Author: 26 years old, Lebanon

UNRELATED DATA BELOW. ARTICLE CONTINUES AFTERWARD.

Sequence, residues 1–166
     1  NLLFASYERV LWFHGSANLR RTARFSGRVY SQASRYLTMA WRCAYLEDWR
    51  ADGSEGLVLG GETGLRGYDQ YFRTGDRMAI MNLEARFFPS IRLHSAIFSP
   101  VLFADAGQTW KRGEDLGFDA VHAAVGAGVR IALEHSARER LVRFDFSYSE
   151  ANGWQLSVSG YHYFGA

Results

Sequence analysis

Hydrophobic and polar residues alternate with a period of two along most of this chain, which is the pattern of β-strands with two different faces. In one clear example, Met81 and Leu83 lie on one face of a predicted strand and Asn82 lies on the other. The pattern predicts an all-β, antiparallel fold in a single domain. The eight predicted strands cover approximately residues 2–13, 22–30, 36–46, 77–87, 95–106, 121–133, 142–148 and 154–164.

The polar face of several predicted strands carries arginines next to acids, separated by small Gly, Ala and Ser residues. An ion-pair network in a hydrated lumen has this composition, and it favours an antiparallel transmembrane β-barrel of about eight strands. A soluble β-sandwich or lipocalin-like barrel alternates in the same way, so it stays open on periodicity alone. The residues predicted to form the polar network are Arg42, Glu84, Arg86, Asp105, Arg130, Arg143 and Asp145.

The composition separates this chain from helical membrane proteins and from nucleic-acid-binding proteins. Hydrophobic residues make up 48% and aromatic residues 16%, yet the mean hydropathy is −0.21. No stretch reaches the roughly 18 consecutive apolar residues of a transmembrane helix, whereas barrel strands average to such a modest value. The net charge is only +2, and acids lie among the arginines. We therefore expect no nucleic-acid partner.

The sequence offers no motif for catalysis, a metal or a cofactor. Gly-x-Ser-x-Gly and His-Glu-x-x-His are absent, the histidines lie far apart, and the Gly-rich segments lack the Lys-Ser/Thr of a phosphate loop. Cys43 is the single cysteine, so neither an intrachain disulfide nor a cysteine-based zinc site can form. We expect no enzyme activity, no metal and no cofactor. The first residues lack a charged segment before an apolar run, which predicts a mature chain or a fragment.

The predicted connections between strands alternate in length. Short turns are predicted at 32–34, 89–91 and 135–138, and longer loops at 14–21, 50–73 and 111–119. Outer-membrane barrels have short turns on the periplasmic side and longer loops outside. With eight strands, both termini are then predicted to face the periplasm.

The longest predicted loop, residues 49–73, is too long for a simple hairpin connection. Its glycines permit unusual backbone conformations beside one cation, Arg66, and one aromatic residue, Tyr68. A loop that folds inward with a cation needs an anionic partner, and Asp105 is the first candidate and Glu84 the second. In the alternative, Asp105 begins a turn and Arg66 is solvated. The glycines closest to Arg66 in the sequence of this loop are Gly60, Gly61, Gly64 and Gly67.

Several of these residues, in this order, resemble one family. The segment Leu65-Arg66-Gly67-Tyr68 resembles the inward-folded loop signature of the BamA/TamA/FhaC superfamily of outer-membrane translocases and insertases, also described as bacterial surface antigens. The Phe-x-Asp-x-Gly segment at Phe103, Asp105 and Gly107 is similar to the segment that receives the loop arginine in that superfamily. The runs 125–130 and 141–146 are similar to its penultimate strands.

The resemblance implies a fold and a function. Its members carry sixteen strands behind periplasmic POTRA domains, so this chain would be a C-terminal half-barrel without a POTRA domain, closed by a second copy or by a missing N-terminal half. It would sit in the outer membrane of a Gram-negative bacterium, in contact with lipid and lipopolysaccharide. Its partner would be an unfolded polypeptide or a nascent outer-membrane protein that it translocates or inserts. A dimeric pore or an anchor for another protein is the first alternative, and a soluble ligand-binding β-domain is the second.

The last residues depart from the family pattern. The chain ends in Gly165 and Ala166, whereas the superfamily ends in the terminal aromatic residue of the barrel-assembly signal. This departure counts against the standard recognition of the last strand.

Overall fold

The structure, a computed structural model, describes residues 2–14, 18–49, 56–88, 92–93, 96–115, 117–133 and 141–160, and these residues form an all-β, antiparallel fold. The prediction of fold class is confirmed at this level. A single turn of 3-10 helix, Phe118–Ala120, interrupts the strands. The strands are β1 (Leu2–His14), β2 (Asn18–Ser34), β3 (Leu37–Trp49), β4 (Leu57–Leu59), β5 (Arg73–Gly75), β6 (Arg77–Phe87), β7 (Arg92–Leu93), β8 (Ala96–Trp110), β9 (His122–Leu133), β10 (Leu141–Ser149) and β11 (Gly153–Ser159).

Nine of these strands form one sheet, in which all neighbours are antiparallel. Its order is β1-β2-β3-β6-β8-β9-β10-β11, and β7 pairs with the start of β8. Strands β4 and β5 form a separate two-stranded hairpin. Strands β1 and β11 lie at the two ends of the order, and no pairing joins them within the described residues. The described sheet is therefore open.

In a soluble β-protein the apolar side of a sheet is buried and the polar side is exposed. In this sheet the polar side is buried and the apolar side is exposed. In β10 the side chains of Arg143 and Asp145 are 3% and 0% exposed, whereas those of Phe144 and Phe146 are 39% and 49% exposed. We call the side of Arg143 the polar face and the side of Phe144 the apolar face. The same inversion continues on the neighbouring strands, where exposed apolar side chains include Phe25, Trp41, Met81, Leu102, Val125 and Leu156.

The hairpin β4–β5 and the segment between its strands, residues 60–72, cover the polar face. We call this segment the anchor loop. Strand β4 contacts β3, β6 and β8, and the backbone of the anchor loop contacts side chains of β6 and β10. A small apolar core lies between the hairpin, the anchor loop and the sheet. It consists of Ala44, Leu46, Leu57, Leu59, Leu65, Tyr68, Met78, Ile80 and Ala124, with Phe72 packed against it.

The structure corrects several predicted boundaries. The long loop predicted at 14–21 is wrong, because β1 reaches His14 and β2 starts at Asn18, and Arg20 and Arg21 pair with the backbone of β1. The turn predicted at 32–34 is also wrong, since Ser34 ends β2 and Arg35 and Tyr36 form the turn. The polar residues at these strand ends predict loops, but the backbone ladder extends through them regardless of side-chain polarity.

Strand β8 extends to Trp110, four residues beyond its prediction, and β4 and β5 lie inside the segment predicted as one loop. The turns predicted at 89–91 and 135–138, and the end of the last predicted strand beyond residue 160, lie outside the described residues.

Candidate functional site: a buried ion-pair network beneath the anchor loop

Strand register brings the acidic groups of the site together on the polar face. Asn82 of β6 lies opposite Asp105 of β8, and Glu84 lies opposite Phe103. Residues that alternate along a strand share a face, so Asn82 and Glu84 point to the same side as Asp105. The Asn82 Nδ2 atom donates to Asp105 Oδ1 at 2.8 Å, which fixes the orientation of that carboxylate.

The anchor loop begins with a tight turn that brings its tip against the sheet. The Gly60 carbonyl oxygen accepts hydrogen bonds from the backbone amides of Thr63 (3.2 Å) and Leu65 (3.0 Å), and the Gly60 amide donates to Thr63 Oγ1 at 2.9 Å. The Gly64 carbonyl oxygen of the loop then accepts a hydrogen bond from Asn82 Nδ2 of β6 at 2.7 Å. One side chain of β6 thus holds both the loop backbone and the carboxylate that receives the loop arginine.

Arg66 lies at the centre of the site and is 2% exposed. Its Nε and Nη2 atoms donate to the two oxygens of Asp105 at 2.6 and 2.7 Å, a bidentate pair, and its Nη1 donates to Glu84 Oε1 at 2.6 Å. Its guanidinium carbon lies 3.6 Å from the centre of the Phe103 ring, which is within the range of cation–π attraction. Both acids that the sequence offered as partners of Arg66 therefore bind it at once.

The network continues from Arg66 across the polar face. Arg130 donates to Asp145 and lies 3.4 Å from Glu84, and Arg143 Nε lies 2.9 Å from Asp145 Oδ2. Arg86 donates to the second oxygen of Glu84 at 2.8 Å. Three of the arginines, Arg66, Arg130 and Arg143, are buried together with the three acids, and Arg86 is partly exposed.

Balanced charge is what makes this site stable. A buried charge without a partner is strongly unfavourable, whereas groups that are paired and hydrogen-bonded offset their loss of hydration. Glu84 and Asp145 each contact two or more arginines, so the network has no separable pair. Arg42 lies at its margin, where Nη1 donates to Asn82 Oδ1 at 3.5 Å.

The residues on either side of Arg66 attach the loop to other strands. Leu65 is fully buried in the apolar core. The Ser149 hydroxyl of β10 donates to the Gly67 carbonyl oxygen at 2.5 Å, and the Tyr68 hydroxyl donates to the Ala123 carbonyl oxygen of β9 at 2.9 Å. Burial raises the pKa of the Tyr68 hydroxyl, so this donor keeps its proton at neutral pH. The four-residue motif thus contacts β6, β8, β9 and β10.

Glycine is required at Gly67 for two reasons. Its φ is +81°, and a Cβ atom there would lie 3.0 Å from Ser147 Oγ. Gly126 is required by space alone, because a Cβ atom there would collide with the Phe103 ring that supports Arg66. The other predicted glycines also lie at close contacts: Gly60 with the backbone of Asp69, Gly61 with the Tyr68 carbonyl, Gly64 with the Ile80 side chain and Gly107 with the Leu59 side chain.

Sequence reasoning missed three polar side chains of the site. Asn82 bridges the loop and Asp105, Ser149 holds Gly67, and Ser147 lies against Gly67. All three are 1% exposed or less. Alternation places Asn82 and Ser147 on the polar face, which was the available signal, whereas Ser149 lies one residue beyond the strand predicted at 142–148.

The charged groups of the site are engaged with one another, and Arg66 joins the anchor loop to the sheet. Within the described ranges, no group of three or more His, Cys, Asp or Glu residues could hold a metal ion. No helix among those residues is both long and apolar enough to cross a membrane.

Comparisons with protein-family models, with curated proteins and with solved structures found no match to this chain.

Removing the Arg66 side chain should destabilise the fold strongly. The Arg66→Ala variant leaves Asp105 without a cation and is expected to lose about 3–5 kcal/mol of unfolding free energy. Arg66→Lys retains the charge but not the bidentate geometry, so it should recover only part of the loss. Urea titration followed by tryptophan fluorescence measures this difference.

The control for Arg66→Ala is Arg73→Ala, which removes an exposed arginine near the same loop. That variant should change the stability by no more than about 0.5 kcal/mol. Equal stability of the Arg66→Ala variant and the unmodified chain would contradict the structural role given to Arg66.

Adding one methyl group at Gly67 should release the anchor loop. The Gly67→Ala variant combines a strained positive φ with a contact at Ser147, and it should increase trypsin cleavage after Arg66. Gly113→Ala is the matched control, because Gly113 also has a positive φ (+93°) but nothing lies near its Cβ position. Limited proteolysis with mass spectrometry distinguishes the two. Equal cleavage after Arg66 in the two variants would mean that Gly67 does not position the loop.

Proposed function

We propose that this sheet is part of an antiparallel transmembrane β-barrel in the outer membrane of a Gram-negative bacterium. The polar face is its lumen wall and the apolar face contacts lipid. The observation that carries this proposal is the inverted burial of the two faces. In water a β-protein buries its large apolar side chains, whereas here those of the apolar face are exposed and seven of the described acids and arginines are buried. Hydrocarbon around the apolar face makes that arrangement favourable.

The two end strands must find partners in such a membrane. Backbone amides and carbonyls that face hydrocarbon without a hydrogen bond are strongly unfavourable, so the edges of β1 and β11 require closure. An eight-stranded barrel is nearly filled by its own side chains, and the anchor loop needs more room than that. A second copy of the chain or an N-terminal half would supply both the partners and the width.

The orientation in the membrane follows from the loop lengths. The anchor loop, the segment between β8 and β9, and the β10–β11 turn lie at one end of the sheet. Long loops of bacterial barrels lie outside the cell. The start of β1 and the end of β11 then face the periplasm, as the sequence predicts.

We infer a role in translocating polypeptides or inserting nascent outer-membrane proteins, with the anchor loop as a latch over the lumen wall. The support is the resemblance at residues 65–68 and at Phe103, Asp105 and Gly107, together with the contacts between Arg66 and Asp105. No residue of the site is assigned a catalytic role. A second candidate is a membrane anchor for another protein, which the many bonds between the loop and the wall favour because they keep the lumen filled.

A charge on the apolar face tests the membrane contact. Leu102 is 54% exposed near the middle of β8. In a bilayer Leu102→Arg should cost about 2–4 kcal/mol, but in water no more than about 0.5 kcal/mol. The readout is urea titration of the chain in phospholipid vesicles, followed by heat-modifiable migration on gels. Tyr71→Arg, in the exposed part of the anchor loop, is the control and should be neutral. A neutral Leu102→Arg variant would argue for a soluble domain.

It felt horrible. Nothing can describe or explain the feeling of a near-death experience, especially the first moments when nothing is clear yet and you do not know what exactly happened and where. The magnitude of the explosion had made everyone think whatever happened had happened in their neighborhood. The first second of it happening my body went into fight or flight mode where I jumped, ran to my bedroom, got my passport (as a reflex, I was not clearly thinking, but had prior 2006 experience with not having my passport with me, and did not want to repeat that mistake), and while doing that I had messaged my parents letting them know there had been an airstrike. That moment I had still thought whatever happened had targeted my neighborhood, and so I was in a race of time before the usual "second strike" after people gather. Running to the front door, I see through the shattered balcony the immensity of the explosion that had occurred which made me feel, in a twisted way, comforted. Seeing the mushroom cloud told me its location, and the comfort was that it was not dangerously near me. Gathering myself, I managed to call my parents after the lines had gone back on, told them I was okay, and that I was going to my aunt to be there for her since she and her son had sustained light injuries. Before that, I had made sure to check on all our neighbors to see if everyone was okay, then I went down to the front gate of our parking and swept all the shattered glass that blocked people from being able to leave. After that, I left to my aunt's where I stayed the rest of the night. By around 10:00 PM, when things started to become clearer, we went to buy groceries in an attempt to be ready for a possibility of a war erupting (also 2006 learned experiences). That night I, at first surprisingly but then not surprisingly, slept like a baby. The blast definitely has long-term impacts on me mentally. While the first two weeks I was able to sleep normally, I started having nightmares of explosions intermittently. As for being awake, I am highly sensitive to ground vibrations (usually caused by big trucks or loud cars) and to airplane sounds (warplanes are commonly heard). I am still trying to deal with it. Therapy is next but have not started yet. As for now, I deal with it through exposure therapy. I make sure I do not run away when I am faced with these sounds/vibrations/nightmares. I stay put and listen to them to process them and eventually in the hopes of letting my brain re-learn that those vibrations/sounds were and still are common, as they do not mean I am at life-threatening risk. I also make sure to vocalize my feelings and experiences to my loved ones who remain supportive throughout this.